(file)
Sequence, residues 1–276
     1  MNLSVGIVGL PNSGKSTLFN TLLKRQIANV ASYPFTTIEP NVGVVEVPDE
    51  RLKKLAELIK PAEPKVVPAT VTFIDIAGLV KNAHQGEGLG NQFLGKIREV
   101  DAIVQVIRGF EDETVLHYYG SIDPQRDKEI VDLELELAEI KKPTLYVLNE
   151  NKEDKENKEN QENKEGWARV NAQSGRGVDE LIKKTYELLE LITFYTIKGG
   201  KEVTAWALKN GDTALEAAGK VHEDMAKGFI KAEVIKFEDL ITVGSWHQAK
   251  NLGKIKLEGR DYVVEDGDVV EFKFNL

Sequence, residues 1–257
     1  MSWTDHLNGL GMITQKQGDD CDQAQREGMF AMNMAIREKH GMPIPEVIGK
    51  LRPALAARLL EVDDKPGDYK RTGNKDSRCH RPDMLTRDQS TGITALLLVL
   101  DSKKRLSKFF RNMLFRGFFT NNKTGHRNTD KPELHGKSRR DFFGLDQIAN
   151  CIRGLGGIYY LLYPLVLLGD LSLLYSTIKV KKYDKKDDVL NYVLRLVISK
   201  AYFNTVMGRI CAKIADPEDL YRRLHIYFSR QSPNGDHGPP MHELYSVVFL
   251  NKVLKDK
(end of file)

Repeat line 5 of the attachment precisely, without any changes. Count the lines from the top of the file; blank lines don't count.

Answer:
   151  NKEDKENKEN QENKEGWARV NAQSGRGVDE LIKKTYELLE LITFYTIKGG